At that last bridge, I met two women from Colorado (this was the only bridge where I saw anybody else at that day). The older of the two was taking the other, her daughter, back to college in Chicago. We talked for a while about the bridges we had visited, and they implored me to read the book and watch the movie. I promised them that I would at least watch the movie someday soon (I did, but won’t go into a review here). We bid each other safe travels, and I packed up my camera equipment to head over to the Iowa State Fair.
As I walked through the bridge, a small, folded, torn piece of notebook paper caught my eye. It was stapled to one of the beams at my eye level. In ink, someone had written a letter:
9 Aug 2013, To My Darling wife of 54 years. We had a lovely life together but you passed away 3 years ago and I will never forget you. I cry every day and will miss you forever. Your forever loving Husband, Fred
Fred included his last name as well as the city and state he lives in.
I read that letter over and over and found myself looking up repeatedly, half-expecting to see Fred walking back to his car. I did manage to call the two women from Colorado back before they got in their car and all three of us read it several more times.
Over the years, I have read (or at least have tried to read) poems that attempted to describe or define what love and loss really are, and how they affect us, ultimately fragile and temporary human beings. I can’t help but think that this letter has done that for me.
For the rest of that day, I had so many questions running through my mind. Who is Fred? Who was his wife? How did they meet? How did she die? What made him write the letter? Can I talk to Fred? If I could, what would I ask him? Why that bridge? Why on a sheet of paper that can’t possibly last for any significant amount of time? Why not etch it into the beams along with the others?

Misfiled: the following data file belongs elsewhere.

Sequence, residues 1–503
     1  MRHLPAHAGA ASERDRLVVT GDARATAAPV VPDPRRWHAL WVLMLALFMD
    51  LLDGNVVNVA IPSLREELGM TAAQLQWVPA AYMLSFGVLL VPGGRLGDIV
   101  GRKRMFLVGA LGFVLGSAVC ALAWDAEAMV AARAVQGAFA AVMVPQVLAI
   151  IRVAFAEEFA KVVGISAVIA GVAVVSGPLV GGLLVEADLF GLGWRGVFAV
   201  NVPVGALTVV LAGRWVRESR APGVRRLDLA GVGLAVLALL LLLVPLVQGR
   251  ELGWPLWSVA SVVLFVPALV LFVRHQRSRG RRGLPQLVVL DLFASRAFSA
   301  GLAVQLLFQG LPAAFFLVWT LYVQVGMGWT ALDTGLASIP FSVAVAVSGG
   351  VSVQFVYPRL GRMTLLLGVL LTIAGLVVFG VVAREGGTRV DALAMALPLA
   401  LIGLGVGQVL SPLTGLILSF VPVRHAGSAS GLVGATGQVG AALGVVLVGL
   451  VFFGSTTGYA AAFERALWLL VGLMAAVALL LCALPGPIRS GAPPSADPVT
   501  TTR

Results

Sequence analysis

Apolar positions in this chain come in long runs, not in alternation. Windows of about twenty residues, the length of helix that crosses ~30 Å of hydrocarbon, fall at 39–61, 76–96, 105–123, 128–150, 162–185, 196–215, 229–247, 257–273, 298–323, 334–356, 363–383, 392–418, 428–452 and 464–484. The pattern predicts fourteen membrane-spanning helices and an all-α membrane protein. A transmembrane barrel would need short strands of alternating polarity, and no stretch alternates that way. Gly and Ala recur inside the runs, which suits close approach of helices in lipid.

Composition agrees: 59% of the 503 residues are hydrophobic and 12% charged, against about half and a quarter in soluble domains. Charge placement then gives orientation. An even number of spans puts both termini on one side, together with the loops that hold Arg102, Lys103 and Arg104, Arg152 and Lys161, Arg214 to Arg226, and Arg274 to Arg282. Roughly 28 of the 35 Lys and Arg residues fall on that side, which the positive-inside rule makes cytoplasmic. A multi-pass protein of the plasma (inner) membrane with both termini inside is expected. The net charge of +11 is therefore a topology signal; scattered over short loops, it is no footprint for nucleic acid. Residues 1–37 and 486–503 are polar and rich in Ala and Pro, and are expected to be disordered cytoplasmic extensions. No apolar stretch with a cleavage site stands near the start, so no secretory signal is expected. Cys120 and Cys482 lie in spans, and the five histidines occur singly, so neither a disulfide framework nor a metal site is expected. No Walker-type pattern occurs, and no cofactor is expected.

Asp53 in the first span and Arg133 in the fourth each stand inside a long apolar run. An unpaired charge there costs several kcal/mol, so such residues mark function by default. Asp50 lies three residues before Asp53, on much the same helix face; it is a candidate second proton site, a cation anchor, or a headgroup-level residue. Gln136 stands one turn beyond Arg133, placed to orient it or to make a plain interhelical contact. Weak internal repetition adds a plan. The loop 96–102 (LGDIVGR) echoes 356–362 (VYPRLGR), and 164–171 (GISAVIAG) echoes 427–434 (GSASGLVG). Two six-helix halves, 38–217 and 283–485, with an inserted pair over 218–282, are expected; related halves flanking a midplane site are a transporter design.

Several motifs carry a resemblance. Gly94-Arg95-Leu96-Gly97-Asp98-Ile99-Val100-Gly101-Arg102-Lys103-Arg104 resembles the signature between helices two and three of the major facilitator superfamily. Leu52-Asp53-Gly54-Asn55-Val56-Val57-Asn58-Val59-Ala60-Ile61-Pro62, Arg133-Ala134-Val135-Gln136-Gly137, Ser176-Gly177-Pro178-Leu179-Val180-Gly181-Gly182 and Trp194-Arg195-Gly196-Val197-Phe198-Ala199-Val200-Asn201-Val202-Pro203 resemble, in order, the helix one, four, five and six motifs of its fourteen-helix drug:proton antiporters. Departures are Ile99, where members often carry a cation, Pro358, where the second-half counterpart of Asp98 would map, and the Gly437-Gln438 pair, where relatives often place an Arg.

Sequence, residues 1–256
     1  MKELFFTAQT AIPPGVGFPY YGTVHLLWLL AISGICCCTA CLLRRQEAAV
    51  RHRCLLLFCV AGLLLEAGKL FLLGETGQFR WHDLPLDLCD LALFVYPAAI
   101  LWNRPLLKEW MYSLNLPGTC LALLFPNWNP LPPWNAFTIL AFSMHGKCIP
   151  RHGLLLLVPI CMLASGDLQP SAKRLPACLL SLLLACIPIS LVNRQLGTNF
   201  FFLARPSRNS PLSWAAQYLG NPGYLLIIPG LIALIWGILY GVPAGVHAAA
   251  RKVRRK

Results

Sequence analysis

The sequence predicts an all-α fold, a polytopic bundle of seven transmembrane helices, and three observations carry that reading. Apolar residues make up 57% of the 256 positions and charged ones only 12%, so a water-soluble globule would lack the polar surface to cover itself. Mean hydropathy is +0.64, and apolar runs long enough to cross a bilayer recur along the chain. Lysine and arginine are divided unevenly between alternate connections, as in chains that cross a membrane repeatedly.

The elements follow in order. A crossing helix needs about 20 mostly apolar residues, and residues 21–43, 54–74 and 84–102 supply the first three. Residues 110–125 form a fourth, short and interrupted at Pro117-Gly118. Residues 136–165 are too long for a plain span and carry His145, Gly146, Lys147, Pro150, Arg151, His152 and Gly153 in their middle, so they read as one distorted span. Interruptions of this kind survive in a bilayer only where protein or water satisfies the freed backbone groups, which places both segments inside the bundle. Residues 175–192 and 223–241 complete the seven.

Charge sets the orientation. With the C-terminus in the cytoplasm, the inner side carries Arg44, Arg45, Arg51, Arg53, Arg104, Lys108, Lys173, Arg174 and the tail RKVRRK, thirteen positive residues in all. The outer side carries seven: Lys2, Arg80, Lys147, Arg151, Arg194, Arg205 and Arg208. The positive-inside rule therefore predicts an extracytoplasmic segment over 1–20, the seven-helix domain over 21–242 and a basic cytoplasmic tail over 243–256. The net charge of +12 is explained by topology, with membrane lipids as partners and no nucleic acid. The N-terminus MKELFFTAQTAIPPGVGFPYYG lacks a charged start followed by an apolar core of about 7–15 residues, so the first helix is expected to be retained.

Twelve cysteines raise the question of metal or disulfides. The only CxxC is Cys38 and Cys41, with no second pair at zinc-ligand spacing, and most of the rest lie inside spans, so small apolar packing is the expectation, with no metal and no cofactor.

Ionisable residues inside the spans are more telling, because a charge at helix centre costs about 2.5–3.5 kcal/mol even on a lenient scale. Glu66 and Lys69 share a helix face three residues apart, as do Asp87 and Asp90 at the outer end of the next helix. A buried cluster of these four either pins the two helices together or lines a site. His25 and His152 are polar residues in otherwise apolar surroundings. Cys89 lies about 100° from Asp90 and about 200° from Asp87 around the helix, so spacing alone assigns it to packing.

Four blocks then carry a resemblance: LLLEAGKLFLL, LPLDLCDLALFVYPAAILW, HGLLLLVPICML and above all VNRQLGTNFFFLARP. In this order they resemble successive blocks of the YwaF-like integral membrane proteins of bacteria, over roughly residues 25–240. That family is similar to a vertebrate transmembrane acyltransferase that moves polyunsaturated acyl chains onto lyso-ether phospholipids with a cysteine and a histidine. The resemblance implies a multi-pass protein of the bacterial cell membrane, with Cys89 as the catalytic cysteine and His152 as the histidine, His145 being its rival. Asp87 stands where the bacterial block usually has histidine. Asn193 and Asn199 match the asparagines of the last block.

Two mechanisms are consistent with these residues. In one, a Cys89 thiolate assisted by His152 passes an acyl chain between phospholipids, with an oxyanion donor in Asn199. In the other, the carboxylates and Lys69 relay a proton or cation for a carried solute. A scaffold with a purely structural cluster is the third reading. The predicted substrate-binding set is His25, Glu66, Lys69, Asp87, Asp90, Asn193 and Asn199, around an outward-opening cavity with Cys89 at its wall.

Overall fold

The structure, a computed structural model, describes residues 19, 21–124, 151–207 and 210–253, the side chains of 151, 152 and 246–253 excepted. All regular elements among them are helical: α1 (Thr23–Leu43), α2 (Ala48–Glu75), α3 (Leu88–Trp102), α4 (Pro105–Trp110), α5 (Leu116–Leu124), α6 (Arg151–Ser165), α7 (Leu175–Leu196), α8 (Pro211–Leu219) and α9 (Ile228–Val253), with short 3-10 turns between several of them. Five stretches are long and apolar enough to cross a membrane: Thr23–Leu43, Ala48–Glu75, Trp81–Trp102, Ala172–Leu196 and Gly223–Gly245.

The idea of permanence, or at least what I thought the idea of permanence meant, hasn’t been the same since that day.
I think videography and photography appeal to me because deep down I get some comfort thinking that after I leave this earth and after any person who ever knew me leaves this earth, I will have left tangible artifacts of my existence. My own “I was here” etching. A photo or video of my making might be sealed in a confluence of lucky circumstances that keeps it preserved for future scientists to dig up 1,000 years from now.
(My daughter and I write to each other in a journal and put words and phrases in it specifically addressed to future scientists to try and figure out what they mean. Things like sharknado and astroturf.)
I don’t know Fred’s intentions, but I feel that his expression of love and pain to his wife in that very succinct letter is a permanent entity that can’t be eroded by time or devastation or loss of memory or whatever life throws at it. I haven’t had the courage to do it yet, but I want to meet Fred and hear his story. Selfishly, I want to record/film/photograph it and share it with others, but if I do get in touch with him, I will respect what he wants to do with his story.
With its friendly people, rolling scenery, and covered bridges etched with history, I can’t help but recommend a day trip to Winterset and Madison County. Not because you can get away from it all and experience life like it used to be in a simpler time (as a lot of the marketing might suggest), but rather because you can experience life as it exists in this moment.